Ordinal number (linguistics)
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In linguistics, ordinal numbers (or ordinal numerals) are words representing position or rank in a sequential order; the order may be of size, importance, chronology, and so on (e.g., "third", "tertiary"). They differ from cardinal numerals, which represent quantity (e.g., "three") and other types of numerals. In traditional grammar, all numerals, including ordinal numerals, are grouped into a separate part of speech (Latin: nomen numerale, hence, "noun numeral" in older English grammar books); however, in modern interpretations of English grammar, ordinal numerals are usually conflated with adjectives.
Ordinal numbers may be written in English with numerals and letter suffixes: 1st, 2nd or 2d, 3rd or 3d, 4th, 11th, 21st, 101st, 477th, etc., with the suffix acting as an ordinal indicator. Written dates often omit the suffix, although it is nevertheless pronounced. For example: 5 November 1605 (pronounced "the fifth of November ... "); November 5, 1605, ("November Fifth ..."). When written out in full with "of", however, the suffix is retained: the 5th of November. In other languages, different ordinal indicators are used to write ordinal numbers.
In American Sign Language, the ordinal numbers first through ninth are formed with handshapes similar to those for the corresponding cardinal numbers with the addition of a small twist of the wrist.
|Look up Appendix:English ordinal numbers in Wiktionary, the free dictionary.|
In English, the main ordinal series is 'first', 'second', .... It is used in a variety of rankings, including time ('the first hour of the event'), space ('the first left'), and quality ('first class cabin').
The Latinate series 'primary', 'secondary', ... is often used for importance or precedence ('primary consideration') and sequence of dependence ('secondary effect', 'secondary boycott', 'secondary industry'), though there are other uses as well ('primary school', 'primary election'). The first two in the sequence are by far the most common; 'tertiary' appears occasionally, and higher numbers are rare except in specialized contexts ('quaternary period').
The Greek series proto-, deutero-, trito-, ... is only found in prefixes, generally scholarly and technical coinages, e.g. protagonist, deuteragonist, tritagonist; protium, deuterium, tritium; Proto-Isaiah, Deutero-Isaiah. Numbers beyond three are rare; those beyond four are obscure.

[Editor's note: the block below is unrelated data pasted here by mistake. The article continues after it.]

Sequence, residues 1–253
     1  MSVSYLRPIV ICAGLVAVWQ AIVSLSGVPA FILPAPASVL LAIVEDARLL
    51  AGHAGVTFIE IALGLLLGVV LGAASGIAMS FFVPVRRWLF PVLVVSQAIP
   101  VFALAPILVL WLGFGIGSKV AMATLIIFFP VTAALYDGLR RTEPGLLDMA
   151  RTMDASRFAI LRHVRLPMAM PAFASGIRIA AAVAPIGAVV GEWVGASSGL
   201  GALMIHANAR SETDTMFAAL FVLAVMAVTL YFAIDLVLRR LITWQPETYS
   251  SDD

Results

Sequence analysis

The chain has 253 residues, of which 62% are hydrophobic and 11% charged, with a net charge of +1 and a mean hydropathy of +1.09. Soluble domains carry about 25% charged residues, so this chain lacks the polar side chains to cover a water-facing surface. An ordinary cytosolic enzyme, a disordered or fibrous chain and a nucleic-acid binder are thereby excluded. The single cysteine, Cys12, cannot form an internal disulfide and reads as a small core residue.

The first twelve variations of ordinal numbers are given here.
|Spatial or chronological||Precedence or effect||Greek prefix|
The spatial and chronological ordinal numbers corresponding to cardinals from 13 to 19 are the number followed by the suffix -th, as "sixteenth". For multiples of ten, the same principle applies, with terminal -y changed to -ieth, as "sixtieth". For other numbers, the elements of the cardinal number are used, with the last word replaced by the ordinal: 23 → "twenty-third"; 523 → "five hundred twenty-third" (British English: "five hundred and twenty-third").
When speaking the numbers in fractions, the spatial/chronological numbering system is used for denominators larger than 2 (2 as the denominator of a fraction is "half" rather than "second"), with a denominator of 4 sometimes spoken as "quarter" rather than "fourth". This system results in "two thirds" for 2⁄3 and "fifteen thirty-seconds" for 15⁄32. This system is normally used for denominators less than 100 and for many powers of 10. Examples include "six ten-thousandths" for 6⁄10,000 and "three hundredths" for 0.03.
- ""numbers" ASL American Sign Language". Lifeprint.com. Retrieved 2009-11-03.
- "Ordinal Numbers Revisited". Retrieved 2011-11-26.
- N. Cloet (1852). De la restauration du Chant Liturgique. Plancy: Société de Saint-Victor pour la propagation des bons livres. Retrieved 2011-11-26.
- Oxford English Dictionary, 3rd ed. "decenary, adj.1" Oxford University Press (Oxford), 2015, https://en.oxforddictionaries.com/definition/decenary.